Image Credits: Universal Pictures

Mind Your Head: F. Gary Gray’s Straight Outta Compton

By Jeffrey W. Peterson - Dec. 28, 2015, 7:00 AM

According to rapper Ice Cube in Straight Outta Compton, the reflection of his reality creates reality rap, not necessarily gangster rap. This emphasis on sincere rhymes during the 80s and early 90s led to modern artists like Lupe Fiasco, Kanye West, Mos Def, and Talib Kweli. For a transitional period and taste of geography, add in Outkast. The trajectory from N.W.A. is clear. Regardless of what city and suburb a rapper is from, their perspective has an ingrained necessity to it, but if it weren’t for their early struggle, the government would have shut those perspectives down.

Straight Outta Compton presents a three-year insight into the world of N.W.A., one of the more prominent 20th century examples of a group fighting for dreams and vision, but certainly not the only one. As they form bonds and begin to release their music, some of which is critical of social injustice and inequality, there are faint echoes of the “Howl” Obscenity Trial of 1957*—though the charges against the accused publishers are dropped and many previously censored texts are subsequently released. N.W.A. refuses to stop making songs such as “Fuck The Police,” but what if they had? What musicians would America have oppressed if Dr. Dre, Ice Cube, Eazy-E, MC Ren, and DJ Yella listened to the naysayers and followed those who said rap music, sampling, reality rap, all of it, was a waste of time and definitely illegal? Straight Outta Compton reminds us that the music industry—that each artist—doesn’t exist in a vacuum. It’s the risks that groups like N.W.A. take that open the door to later innovation.

Artists often defend their music by stating they create work based on their environment, even if drugs and alcohol heavily influence the artists themselves. These elements appear in Straight Outta Compton, as do a few scenes of off-camera violence and tension-ridden moments that only release when participants walk away from a fight. But one of most telling moments of the film takes place during a press conference when the group is bombarded with accusations of how they “glamorize gangs and drugs.” The group mates smile and turn as Ice Cube retorts “our art is a reflection of our reality,” before he and Eazy-E proceed to mock the institution behind automatic weapons and cocaine.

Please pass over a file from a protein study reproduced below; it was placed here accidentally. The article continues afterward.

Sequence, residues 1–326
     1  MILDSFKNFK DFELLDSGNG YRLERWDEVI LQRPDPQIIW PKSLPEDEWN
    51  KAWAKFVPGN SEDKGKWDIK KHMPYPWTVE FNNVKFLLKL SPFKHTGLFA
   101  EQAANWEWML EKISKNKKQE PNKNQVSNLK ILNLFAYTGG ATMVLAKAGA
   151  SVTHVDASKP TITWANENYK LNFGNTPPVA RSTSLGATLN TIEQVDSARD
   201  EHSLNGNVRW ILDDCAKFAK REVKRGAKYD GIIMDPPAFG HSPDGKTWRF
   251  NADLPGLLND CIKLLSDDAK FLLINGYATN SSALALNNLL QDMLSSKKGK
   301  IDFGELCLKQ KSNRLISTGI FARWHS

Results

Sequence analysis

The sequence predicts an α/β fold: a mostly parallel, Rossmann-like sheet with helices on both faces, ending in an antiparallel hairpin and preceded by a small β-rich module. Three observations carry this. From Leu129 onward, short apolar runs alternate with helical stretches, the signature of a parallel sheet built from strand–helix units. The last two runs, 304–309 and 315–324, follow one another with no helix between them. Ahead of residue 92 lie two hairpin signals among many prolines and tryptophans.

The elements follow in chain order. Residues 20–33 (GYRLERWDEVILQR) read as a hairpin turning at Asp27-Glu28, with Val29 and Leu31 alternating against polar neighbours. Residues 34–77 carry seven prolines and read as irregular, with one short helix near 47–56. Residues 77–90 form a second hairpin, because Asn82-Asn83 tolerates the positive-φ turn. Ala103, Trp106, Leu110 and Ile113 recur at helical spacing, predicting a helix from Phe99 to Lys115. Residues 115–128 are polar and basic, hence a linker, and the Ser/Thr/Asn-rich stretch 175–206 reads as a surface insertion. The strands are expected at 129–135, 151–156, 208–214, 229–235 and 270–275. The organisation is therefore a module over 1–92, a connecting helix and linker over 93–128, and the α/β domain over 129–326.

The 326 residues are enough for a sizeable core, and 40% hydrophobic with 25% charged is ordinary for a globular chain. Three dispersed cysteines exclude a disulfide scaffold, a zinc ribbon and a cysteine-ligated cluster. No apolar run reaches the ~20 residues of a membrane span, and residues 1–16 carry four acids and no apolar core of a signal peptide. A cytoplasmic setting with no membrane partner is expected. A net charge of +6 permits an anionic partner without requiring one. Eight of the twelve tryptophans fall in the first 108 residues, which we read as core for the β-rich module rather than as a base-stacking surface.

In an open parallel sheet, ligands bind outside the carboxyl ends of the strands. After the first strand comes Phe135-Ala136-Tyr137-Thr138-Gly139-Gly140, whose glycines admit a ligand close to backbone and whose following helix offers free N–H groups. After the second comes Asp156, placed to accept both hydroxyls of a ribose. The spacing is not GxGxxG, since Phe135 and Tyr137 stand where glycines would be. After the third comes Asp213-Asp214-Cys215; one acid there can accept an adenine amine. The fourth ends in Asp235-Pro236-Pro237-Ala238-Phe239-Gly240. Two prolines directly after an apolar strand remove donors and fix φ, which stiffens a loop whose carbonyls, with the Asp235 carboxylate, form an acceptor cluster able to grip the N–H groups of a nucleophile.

Straight Outta Compton is as much a biography as it is an exposé of the struggling artist and their current fight. Since the film only covers three to four years, it highlights many battles that the group runs into, including jealously, deceit, self-doubt, and bereavement. Those encounters aside, the viewer cannot ignore the sense that these artists, along with many others in California and the music industry in general, pioneered the artistic expression we have today that’s bled out of the bar lines. We have further yet to go. From Kanye West to The Dixie Chicks to Marilyn Manson to Beyoncé, artists consistently say “the unsayable” in their songs—the comments and critiques their fans could quickly write themselves, post, and share on Facebook—but if an artist states an opinion outside of the confines of 150 BPM and a chorus, they’ve gone too far.

Artists know that their music grows from within, and as the technology behind production increases, so does the poignancy of the paired lyrics. Artists have something to say. Gratefully, they possess the unique ability to craft that “something” into an experience for their fans. If N.W.A. doesn’t craft their explicit message about police brutality—relevant as much today as it was during their rise—then they may as well have ceased to exist. Straight Outta Compton won’t let us forget. And when Ice Cube is cuffed and frisked after a novice practice session, all because he’s walking across the street during an unassociated arrest at a close by house, it’s clear that his experience, his livelihood and the interpretation of it, will be a catalyst.

* In which publishers Lawrence Ferlinghetti and Shigeyosi Murao were arrested for publication of Allen Ginsberg’s epic poem on charges of obscenity and lewdness

Jeffrey W. Peterson currently teaches English composition at the University of West Georgia while also mentoring their English Education interns. He received a BA from West Georgia and a MFA in writing from Sarah Lawrence College. He is also the poetry editor for Madcap, a semiannual online journal of literature and art, and executive director for ALLIANCE Drum & Bugle Corps, an all-age drum corps based out of Atlanta, GA.